Blues You Can Use: Chromatic Lines

THIS MONTH, WE’LL TAKE A LOOK AT chromatic lines in blues.
By ED Friedland ,

THIS MONTH, WE’LL TAKE A LOOK AT chromatic lines in blues. The word chromatic means descending or ascending in semitones (half-steps). This kind of motion in the bass creates a strong pull when it is properly directed at your target note. Chromatic movement can give blues music a jazzier feel, or it can take it back to church, as one of the most popular chromatic bass lines comes from the classic “Shout” groove of gospel music, as shown in Ex. 1. Starting on the root, the line drops down to the 3rd below and walks its way back up to the 5th of the chord on beat one of the second bar, then moves chromatically back up to the root. The 5th gives you a solid chord tone on beat one to start the return to the root.

In blues, it’s very important to have your target notes (most often the root on beat one) well defined and set up in advance. You want the line to arrive at the destination at the appointed beat, or you’ll risk obscuring the chord progression. Example 2 is a variation on the Shout groove that moves up to the higher 3rd, walks up to the 5th, and then drops back down to walk back to the root. A great example of chromatic motion being used to its best advantage is Tommy Shannon’s jazz-like approach on the Stevie Ray Vaughan track “Stan’s Swang,” where Shannon’s chromatic lines leave no doubt as to where they’re headed. The result is a perfect, swinging line that propels the tune forward.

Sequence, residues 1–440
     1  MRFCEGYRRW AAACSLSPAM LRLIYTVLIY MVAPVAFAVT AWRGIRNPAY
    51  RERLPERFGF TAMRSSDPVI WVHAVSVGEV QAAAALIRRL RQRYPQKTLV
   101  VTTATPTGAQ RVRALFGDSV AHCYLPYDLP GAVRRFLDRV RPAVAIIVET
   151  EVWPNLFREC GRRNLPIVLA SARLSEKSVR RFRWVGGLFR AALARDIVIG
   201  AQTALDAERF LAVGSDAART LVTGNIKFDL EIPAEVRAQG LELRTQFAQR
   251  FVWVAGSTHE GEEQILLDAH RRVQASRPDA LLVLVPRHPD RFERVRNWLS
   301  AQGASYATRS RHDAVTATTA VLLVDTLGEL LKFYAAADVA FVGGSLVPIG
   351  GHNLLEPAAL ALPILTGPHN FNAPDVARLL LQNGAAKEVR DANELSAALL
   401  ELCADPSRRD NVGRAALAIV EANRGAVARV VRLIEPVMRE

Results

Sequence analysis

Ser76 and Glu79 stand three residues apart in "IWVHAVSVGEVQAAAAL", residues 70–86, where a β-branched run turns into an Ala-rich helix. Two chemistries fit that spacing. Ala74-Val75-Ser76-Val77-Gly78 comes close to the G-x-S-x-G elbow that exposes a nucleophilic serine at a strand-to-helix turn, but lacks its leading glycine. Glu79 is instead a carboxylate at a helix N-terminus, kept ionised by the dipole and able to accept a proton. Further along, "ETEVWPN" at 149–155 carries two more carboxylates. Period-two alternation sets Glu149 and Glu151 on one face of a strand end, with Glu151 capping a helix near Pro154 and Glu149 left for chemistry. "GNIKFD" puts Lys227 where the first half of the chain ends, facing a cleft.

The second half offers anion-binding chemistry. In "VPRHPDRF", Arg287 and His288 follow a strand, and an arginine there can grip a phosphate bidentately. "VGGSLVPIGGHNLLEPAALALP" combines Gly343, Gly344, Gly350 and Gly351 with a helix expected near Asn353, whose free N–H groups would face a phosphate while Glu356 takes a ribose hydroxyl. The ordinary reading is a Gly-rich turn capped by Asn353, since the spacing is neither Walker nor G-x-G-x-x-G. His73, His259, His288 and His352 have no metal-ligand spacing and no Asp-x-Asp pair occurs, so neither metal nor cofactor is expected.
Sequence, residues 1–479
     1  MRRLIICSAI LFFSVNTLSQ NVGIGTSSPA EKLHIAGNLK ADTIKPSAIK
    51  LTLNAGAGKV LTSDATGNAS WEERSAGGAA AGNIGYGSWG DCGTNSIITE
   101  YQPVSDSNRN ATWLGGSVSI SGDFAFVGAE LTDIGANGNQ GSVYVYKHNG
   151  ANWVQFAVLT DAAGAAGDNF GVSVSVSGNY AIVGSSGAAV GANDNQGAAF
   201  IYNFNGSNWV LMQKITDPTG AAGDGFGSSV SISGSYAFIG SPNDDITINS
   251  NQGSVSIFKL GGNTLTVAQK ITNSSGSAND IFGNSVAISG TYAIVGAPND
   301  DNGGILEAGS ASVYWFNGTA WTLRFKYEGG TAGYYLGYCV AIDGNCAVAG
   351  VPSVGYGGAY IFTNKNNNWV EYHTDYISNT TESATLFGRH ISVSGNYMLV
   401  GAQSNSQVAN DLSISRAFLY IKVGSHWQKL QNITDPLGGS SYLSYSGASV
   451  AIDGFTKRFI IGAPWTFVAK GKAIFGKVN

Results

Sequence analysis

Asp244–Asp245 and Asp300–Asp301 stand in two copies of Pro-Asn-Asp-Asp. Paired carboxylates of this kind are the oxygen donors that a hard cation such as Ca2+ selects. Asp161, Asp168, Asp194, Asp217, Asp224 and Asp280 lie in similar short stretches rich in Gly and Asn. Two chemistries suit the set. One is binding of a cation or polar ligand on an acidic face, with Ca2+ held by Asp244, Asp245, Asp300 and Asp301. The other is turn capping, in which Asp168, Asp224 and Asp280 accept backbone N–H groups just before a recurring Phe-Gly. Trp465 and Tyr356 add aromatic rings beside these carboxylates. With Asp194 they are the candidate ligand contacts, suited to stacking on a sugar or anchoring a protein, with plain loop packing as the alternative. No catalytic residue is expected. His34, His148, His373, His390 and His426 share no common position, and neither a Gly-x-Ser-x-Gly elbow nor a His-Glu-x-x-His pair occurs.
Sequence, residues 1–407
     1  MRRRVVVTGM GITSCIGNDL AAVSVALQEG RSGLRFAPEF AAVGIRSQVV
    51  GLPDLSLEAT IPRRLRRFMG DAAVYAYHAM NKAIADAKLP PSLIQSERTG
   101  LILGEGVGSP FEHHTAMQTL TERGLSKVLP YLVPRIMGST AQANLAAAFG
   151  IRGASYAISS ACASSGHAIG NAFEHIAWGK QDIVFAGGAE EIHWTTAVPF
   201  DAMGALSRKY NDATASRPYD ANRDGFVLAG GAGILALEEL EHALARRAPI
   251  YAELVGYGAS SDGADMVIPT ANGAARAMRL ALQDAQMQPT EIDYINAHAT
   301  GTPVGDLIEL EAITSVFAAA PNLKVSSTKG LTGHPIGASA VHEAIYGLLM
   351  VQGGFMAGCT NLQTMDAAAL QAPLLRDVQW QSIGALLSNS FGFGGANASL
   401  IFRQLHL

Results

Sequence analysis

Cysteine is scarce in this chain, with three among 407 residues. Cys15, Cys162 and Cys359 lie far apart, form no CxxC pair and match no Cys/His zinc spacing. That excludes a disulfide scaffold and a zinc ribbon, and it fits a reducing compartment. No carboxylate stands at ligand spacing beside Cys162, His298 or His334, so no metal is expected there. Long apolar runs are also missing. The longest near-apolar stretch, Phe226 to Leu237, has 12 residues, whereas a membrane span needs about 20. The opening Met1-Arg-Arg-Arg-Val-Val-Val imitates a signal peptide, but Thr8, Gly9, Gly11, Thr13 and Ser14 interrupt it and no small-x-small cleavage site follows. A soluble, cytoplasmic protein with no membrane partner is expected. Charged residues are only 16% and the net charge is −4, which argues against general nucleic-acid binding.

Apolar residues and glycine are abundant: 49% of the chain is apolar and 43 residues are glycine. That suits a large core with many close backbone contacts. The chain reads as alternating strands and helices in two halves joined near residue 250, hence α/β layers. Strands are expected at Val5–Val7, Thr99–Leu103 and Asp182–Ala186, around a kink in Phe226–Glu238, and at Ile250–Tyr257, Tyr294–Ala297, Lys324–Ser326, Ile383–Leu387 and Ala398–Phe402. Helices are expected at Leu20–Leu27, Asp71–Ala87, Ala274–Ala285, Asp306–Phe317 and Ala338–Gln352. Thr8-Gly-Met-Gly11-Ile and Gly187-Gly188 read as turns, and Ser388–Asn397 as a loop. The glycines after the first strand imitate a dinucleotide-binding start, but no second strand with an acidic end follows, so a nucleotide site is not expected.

Example 3 is a simple chromatic pattern that can be played through a 12-bar blues progression—it’s a one-bar phrase that jumps from the root down to the 6th and chromatically walks back up to the root. The line creates a feeling of destiny as it returns to the root. Another blues classic that uses chromaticism in the main riff is Howlin’ Wolf’s immortal “Killing Floor,” a tune that was commandeered by Led Zeppelin as “The Lemon Song.” The motif in Ex. 4 starts on the root, jumps to the third, and then works its way up chromatically to the 5th and then back to the root. The chromatic movement between the 3rd and 5th gives the line a sense of movement. Arriving at the 5th of the chord is a perfect opportunity to jump back to the root.

Example 5 is a full 12-bar example of a chromatic line with a strong jazz influence that will still work for a blues gig. Notice how the chromatic movement always takes you to the root or another chord tone (3rd or 5th) on beat one of a new bar. There are many ways to explore chromatic movement in your lines. Just make sure you keep your date with destiny—the root on one! Until next time, stay low and in the groove.